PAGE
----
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April 2015: Respiratory

37-year-old female dynamic positioning officer presents to the sick bay with a complaint of continuing shortness of breath and dyspnea on exertion. Symptoms have been progressively worsening over the last two days and she first noticed it when she was walking up a flight of stairs from the helideck on a cold (42°F) and windy day. Symptoms worsened while she was jogging on a treadmill while she was off tour. She also complains about an increase itching of her skin. She is on day 3 of a 14 day hitch.

On review of systems he denies cough, chest pain, headache, fever, chills, joint or muscle pains.

  • Past History: Childhood asthma, eczema, allergic rhinitis
  • Past Surgical History: Breast augmentation (1994)
  • Current Medications: Loratidine (Claritin) 10mg/day, pimecrolimus (Elidel) 1% topical cream as needed
  • Allergies: Bell peppers
  • Immunization Status: Tetanus and influenza are up to date
  • Social History: Drinks alcohol socially, denies illicit drugs & tobacco
  • Family History: Mother with lupus; father with prostate cancer


  • Temp 99.2
  • Pulse 79
  • Respirations 22
  • Blood pressure 131/79
  • Pulse Ox 95% RA

Physical Exam

  • General: Alert and Oriented x 4, no acute distress
  • Cardio: regular rhythm and rate, no murmurs appreciated
  • Lung: tachypneic; poor air movement with inspiratory wheezing and prolonged exhalation; no crackles appreciated
  • Abdomen: soft non-tender, non-distended, normal bowel sounds
  • Extremities: no clubbing, cyanosis or edema
  • Skin: few small patches of thickened dry skin over the antecubital fossae consistent with eczema


How would you approach this patient?

Diagnosis: Acute Asthma Exacerbation


  • Symptomatic control of shortness of breath with a nebulizer treatment
    • Option 1: albuterol sulfate 2.5 mg/3ml sol or levalbuterol inhaled 1.25 mg/3 ml (Xopenex) every 4 hours
    • Option 2: Option 1 + ipratropium bromide 500 mcg/2.5 ml sol every 4 hours
    • Consider supplemental O2 via nasal cannula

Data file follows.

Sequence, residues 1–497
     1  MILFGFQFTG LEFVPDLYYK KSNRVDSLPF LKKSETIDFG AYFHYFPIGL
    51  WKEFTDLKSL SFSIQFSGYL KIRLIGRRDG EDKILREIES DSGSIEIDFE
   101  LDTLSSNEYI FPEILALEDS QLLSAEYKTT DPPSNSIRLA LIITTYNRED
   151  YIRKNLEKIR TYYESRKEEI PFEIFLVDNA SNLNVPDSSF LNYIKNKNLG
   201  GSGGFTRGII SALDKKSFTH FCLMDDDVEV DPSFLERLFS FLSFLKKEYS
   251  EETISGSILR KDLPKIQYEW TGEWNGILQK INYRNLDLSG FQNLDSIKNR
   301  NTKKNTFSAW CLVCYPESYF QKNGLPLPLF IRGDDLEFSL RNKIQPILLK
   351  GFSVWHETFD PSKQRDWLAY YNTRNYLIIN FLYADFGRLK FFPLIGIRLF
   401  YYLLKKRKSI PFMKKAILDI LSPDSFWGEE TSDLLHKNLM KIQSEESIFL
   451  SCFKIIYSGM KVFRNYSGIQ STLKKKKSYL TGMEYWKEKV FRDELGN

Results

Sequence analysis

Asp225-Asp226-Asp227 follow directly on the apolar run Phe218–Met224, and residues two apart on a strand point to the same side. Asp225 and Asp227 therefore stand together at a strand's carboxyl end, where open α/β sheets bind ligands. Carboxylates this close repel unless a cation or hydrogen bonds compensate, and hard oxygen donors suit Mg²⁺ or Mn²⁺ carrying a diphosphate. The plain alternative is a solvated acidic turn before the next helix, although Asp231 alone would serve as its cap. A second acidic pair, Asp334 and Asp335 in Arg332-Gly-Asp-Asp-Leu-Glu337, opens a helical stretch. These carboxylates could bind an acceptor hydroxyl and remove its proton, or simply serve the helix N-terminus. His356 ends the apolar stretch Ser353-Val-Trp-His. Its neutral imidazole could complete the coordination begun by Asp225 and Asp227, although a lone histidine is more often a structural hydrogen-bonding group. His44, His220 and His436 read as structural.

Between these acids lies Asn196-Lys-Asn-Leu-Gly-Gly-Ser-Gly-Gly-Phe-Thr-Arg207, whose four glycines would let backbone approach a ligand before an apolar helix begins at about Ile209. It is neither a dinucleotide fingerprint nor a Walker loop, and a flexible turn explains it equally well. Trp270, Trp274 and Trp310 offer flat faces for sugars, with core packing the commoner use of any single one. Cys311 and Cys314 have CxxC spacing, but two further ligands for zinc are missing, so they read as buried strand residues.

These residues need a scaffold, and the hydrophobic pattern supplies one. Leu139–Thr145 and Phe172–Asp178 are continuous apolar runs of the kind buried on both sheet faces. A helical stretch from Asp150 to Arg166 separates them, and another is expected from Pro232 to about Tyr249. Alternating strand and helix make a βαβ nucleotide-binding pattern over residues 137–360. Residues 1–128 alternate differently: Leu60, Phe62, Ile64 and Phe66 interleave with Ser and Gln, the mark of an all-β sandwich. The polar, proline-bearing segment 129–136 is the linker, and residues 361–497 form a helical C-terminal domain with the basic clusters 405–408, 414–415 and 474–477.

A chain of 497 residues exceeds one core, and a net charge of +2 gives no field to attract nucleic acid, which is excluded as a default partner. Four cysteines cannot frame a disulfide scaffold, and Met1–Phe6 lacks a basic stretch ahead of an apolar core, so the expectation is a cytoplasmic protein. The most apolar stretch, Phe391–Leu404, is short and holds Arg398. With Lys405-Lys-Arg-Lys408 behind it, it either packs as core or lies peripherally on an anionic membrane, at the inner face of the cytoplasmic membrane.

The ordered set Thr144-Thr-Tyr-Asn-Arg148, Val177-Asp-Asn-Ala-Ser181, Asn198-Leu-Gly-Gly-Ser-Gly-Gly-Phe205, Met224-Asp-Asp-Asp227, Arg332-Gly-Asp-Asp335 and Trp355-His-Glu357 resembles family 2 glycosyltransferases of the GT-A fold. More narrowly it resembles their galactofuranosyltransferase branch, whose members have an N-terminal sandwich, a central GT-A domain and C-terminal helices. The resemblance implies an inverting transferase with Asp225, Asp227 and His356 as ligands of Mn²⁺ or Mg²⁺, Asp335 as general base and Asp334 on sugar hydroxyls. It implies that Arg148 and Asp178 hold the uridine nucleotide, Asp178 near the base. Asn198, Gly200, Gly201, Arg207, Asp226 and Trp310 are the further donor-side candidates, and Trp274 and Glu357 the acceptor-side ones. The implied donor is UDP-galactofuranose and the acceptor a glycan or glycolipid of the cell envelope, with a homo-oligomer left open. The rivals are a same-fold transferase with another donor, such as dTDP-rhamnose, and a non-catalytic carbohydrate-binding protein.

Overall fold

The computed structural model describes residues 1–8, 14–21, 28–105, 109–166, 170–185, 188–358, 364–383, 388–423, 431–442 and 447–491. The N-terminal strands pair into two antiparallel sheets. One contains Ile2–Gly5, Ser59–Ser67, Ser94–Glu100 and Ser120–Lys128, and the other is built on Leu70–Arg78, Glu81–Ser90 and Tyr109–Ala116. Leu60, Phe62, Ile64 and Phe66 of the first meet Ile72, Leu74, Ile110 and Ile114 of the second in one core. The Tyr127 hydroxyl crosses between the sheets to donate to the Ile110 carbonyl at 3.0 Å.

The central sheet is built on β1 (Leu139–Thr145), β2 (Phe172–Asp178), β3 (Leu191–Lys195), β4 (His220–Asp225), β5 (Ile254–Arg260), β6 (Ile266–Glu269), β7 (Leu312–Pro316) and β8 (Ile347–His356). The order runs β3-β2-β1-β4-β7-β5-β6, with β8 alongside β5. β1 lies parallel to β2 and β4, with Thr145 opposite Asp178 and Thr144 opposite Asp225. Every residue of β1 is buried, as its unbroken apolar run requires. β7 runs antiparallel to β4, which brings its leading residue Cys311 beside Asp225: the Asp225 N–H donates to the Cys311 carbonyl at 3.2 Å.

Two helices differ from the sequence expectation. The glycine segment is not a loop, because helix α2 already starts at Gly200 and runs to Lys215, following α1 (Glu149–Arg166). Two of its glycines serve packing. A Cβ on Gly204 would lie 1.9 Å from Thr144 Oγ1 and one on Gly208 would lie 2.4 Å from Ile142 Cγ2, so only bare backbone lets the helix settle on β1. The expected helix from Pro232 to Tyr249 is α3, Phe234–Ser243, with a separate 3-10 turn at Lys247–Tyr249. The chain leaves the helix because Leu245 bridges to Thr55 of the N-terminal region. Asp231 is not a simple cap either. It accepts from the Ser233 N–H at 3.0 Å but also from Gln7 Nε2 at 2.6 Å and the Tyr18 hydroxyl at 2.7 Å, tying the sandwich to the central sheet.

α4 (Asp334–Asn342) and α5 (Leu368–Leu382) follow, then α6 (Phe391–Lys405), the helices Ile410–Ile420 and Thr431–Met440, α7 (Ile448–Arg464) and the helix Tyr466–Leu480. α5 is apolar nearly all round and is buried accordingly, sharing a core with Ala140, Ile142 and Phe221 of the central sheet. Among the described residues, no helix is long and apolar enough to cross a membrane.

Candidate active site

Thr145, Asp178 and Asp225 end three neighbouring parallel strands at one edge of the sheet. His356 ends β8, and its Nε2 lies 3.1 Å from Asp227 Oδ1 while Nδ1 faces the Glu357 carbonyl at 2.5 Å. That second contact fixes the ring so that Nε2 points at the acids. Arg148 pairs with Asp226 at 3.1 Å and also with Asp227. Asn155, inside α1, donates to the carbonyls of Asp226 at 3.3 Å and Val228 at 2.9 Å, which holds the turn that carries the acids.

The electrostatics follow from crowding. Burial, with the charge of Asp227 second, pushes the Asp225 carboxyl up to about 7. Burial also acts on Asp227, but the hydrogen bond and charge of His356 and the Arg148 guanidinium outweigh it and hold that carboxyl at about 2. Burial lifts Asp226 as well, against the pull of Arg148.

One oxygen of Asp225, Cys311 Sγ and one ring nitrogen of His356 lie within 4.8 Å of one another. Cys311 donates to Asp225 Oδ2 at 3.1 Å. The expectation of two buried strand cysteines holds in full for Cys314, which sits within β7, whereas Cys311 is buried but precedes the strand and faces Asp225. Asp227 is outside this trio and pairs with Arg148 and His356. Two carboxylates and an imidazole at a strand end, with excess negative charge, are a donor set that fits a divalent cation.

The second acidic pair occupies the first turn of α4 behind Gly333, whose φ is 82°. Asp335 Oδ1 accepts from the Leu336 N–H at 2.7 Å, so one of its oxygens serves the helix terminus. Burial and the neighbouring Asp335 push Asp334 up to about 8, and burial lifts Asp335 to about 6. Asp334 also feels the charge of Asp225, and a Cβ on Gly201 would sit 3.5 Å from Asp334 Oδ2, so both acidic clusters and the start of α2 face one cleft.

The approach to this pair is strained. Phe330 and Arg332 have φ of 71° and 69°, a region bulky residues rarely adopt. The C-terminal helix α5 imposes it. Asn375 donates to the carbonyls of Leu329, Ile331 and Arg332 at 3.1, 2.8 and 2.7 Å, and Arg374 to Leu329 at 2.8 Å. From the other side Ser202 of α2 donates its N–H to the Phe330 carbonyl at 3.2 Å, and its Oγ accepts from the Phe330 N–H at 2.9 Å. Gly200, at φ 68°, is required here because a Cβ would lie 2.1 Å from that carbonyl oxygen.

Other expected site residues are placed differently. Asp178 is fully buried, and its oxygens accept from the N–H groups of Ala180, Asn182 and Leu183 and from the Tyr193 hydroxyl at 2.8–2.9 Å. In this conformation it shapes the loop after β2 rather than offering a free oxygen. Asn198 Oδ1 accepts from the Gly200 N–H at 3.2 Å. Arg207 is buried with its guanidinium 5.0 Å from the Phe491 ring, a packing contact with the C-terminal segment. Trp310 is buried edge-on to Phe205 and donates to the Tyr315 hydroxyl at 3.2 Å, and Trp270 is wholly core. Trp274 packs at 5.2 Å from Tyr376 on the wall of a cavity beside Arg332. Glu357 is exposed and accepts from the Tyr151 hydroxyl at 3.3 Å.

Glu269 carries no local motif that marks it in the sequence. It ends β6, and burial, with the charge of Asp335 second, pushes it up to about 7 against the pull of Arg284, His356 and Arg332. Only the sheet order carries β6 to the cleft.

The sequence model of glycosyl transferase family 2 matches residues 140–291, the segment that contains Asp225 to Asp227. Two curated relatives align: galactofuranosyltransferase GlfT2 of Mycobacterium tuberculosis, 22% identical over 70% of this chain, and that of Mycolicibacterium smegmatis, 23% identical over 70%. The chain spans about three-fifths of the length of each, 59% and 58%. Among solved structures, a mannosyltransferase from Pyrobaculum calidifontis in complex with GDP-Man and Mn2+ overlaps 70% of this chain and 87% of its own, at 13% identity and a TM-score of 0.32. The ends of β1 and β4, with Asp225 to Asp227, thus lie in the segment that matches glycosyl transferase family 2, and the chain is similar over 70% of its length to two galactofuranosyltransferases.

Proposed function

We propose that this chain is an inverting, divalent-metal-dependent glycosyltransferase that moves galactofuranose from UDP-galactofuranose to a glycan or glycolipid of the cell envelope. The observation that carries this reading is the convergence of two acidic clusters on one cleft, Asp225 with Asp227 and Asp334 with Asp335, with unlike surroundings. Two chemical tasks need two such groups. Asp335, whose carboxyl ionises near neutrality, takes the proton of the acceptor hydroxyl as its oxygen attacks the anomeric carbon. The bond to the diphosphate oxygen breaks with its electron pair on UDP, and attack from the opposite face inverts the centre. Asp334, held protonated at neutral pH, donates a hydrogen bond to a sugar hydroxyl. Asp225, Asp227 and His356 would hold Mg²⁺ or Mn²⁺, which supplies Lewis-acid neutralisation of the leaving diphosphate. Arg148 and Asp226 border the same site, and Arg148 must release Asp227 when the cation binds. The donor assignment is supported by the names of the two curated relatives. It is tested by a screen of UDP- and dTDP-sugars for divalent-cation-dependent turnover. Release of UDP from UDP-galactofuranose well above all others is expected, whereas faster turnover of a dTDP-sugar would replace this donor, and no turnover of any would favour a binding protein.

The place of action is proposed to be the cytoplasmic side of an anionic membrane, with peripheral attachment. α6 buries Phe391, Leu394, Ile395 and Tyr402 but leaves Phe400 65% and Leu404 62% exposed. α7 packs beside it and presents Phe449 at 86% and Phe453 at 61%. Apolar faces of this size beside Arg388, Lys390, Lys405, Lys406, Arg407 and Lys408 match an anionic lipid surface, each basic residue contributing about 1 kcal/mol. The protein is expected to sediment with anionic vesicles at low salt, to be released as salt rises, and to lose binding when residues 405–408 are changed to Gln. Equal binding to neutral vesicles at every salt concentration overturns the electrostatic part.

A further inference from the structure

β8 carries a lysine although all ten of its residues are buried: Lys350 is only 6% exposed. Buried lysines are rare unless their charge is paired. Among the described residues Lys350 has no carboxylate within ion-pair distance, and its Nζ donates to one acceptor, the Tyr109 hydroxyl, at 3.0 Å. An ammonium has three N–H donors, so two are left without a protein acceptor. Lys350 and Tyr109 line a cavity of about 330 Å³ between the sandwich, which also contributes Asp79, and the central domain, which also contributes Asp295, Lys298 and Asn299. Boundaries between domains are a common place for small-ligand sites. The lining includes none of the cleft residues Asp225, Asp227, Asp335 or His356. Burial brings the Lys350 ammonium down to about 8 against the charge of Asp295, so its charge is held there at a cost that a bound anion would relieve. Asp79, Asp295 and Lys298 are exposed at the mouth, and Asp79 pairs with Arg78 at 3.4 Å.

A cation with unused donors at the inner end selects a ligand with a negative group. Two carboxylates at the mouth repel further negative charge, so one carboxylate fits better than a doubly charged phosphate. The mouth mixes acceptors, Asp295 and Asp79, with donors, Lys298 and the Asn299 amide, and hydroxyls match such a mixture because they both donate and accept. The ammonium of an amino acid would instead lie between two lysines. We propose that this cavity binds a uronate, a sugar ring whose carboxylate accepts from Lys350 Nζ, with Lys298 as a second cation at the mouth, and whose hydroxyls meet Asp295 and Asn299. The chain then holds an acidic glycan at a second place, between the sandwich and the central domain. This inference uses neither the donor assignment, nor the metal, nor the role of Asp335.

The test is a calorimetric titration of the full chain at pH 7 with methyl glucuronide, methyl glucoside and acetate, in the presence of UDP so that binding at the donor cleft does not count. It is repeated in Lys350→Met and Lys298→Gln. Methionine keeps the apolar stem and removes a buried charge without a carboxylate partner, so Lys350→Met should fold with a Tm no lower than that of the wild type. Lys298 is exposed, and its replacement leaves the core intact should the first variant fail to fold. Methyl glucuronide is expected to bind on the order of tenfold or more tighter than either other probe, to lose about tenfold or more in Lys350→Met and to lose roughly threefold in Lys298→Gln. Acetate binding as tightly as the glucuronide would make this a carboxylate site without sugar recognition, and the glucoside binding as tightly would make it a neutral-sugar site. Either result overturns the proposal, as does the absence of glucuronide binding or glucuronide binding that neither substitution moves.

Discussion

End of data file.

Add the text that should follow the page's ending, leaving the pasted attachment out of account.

• Betamethasone sodium phosphate/betamethasone acetate (Celestone Soluspan) 6-9 mg IM once
    • Oral steroids such as prednisone 50 mg by mouth daily for 5-7 days or methylprednisolone sodium succinate (Solu-Medrol dose pack) as directed
    • Perform peak flows before and after nebulizer treatments


Should the patient not respond to the nebulizer therapy based on the peak flow measurement or through their clinical response, the treatment may be repeated immediately. Once the patient does begin to respond, the treatment can be repeated as needed every four hours. Treatment with the nebulizer may not be necessary as the portable albuterol inhaler can be used 2 puffs every 4 hours for shortness of breath and/or wheezing. Treatment may need to be continued for several days and the patient should be monitored very carefully for improved progress.

Infectious etiologies include viruses (common cold) or bacterial infections (pneumonia or bronchitis), which can cause exacerbations. Treatment of the underlining problem should help relieve the symptoms.  In the case of bacterial infections, macrolide antibiotics such as azithromycin or clarithromycin may provide additional anti-inflammatory benefit.

There are many triggers for an asthma exacerbation, and you should try to determine your patient’s triggers to minimize future episodes. In order to assess your patient’s triggers you should ask the patients questions such as

  • Do you have symptoms year round or certain times of year?
  • Do you have contact with fumes from cleaning agents, sprays, or other chemicals?
  • What substances are used at the work site and do you have co-workers with similar symptoms?
  • Are there any foods/medications that may cause you to have difficulty breathing?
  • Do you have a history of allergic rhinitis?